Tehran 2009 is NOT Tiananmen Square
In the wake of the Iranian government crackdown today it’s tempting to compare the fate of the protest movement to that held in the Spring of 1989 in Beijing. Of course, we don’t know the ultimate fate of the current protests in Iran so even superficial comparisons are premature at this point.
But there is another more profound difference between the two situations that we should keep in mind. The 1989 demonstrations that began in mid-April following the death of dissident Hu Yaobang represented a hodgepodge of activists angry at the government for a variety of reasons. While there had been momentous protests at Tiananmen Square before – notably in 1976 with the end of the Gang of Four – there was no period of democracy to which the protests could invoke. The famous Goddess of Democracy statue constructed by art students that Spring symbolized the larger aims of the protesters. But there was no tradition of electoral democracy that the protesters could claim had been illegally denied.
In Iran, of course, the cause of the current movement is the fraudulent (by most accounts) election of President Mahmoud Ahmadinejad in a country whose citizens had every reason to believe that the election would be conducted fairly (even if the candidate selection process was controlled by the clerics). Put simply: the difference between Iran and China was one of expectations. In China, the protesters expressed hopes and dreams of change, based partly on ongoing reforms facing Poland and Hungary (the other revolutions would happen in the Fall). But outside a few dissidents like Zhao Ziyang the government never committed itself to even the fiction of democracy.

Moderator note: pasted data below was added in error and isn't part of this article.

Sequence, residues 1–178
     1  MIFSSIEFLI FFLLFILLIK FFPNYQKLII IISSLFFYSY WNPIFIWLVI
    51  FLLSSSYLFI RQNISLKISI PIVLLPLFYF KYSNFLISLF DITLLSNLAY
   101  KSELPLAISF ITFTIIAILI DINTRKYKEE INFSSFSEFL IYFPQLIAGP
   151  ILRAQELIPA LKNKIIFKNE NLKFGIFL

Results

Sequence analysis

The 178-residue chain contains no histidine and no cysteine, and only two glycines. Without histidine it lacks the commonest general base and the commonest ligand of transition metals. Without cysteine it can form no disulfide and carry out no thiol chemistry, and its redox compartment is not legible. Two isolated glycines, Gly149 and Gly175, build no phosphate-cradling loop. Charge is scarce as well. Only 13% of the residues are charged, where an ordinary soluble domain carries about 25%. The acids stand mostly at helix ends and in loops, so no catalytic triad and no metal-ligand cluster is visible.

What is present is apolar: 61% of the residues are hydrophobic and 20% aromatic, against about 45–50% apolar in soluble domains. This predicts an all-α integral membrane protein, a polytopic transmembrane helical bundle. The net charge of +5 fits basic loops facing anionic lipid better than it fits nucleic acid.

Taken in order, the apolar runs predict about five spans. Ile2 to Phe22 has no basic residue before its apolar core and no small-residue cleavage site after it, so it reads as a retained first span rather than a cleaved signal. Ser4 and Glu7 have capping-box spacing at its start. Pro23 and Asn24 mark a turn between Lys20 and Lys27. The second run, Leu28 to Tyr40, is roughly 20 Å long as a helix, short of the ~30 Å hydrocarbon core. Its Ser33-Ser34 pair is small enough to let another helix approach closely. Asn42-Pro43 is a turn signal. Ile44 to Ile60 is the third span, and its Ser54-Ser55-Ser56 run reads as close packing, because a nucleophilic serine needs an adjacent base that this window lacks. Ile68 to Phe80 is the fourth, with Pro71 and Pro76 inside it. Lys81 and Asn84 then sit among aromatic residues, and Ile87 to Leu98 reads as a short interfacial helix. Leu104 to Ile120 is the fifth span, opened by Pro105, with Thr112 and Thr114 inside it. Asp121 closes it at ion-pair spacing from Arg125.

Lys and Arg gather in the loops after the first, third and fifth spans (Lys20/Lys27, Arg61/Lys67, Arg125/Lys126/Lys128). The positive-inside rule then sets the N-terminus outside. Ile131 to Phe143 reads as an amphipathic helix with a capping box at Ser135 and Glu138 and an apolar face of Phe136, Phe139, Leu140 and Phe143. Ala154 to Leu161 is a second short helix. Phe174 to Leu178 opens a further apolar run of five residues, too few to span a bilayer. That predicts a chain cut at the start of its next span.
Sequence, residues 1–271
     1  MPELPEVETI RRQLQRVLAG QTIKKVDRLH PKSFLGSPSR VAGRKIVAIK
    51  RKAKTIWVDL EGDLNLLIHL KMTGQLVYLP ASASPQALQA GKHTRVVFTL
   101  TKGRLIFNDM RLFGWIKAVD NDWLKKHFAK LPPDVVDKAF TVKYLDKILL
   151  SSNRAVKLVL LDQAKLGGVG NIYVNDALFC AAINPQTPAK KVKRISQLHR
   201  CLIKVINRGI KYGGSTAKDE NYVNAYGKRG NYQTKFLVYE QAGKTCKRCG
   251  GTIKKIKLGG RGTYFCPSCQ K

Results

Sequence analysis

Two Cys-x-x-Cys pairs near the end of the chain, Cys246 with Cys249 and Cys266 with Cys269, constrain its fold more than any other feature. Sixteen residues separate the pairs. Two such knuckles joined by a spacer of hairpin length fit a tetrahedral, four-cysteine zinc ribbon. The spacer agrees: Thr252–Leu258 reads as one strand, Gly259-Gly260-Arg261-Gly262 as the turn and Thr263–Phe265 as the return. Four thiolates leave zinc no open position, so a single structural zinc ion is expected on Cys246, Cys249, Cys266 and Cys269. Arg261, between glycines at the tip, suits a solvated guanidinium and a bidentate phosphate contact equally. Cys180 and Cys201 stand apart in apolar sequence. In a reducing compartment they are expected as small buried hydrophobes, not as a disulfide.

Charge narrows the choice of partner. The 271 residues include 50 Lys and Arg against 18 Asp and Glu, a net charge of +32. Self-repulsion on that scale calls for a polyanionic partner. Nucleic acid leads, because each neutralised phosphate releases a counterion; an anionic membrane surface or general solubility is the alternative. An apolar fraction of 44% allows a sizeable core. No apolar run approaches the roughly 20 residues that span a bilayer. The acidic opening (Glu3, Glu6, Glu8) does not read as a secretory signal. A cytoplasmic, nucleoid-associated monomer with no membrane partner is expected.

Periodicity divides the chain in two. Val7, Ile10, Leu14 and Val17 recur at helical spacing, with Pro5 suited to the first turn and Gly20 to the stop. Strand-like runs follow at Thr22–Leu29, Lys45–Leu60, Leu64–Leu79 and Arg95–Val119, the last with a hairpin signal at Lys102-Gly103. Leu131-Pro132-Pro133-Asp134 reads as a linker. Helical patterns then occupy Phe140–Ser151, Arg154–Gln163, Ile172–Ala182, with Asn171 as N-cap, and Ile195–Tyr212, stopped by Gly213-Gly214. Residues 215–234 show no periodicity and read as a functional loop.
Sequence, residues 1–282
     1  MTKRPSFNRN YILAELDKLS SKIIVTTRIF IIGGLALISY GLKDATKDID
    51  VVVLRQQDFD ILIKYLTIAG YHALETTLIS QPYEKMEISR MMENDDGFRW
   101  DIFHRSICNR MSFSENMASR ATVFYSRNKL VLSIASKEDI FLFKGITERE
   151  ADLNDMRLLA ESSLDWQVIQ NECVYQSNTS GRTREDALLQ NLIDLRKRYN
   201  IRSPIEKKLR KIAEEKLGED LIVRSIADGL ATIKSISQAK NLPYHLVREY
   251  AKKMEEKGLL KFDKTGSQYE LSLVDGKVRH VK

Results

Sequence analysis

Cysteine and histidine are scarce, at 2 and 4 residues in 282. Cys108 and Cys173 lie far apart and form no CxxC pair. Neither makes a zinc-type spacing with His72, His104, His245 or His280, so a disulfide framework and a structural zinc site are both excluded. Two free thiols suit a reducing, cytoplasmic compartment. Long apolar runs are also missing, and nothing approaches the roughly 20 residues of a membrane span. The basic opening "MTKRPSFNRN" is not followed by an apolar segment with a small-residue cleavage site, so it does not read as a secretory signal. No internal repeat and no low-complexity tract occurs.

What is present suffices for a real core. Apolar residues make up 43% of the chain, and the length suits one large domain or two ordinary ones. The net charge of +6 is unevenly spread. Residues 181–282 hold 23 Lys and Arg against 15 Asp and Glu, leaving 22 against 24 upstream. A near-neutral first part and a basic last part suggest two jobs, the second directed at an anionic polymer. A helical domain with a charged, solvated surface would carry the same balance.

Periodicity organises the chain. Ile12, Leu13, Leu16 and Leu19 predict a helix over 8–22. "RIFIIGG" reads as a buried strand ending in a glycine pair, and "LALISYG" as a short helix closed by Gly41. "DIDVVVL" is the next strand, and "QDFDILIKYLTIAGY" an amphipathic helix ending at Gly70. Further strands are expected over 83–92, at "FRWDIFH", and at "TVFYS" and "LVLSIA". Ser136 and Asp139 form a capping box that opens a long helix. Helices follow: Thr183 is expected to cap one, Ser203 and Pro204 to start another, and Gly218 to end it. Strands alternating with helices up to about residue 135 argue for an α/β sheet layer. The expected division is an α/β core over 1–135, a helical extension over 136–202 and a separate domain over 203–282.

This is a crucial difference because these dashed expectations in Iran undermine the legitimacy of the hybrid theocratic-democratic system of the Islamic Republic that even Ali Khamanei praises to this day. The people of Iran will never again believe that the Islamic Republic represents the democratic spirit (such as it was) of the 1979 anti-Shah movement; we often forget in the West how widely despised the Shah was, and how many liberals and feminists supported his overthrow. Though this democratic heritage, which dates to the 1906 constitution, was circumscribed by the Supreme Leader system, it was still highly valued among the Iranian population. Denial of even this limited democracy delegitimizes the entire Islamic Republic.
In China, the Communist Party’s legitimacy was never predicated upon free and fair elections. As such, the June 4 crackdown did not de-legitimize the Chinese regime the way the current violence does in Iran. The 1989 massacres obviously infuriated supporters of democracy around the world. But it never undercut the authority of a regime long predicated upon totalitarian force.
Keep this point in mind over the current days as commentators – and the Iranian government – suggest that the genie can be put back in the bottle as was done in China 20 years ago. It cannot. The Islamic Republic’s leaders who desperately crave legitimacy internally and externally will never be able to command the respect of the citizens again. The regime may limp forward as before, but it will face more and more internal unrest and external isolation. Its standing in the Islamic world will have taken a huge hit. And its negotiating position vis-a-vis the West over nuclear weapons and terrorism will be severely weakened.
Make no mistake, the Islamic Republic has suffered a devastating blow this last week. The only question now is WHEN, not IF, it will finally collapse.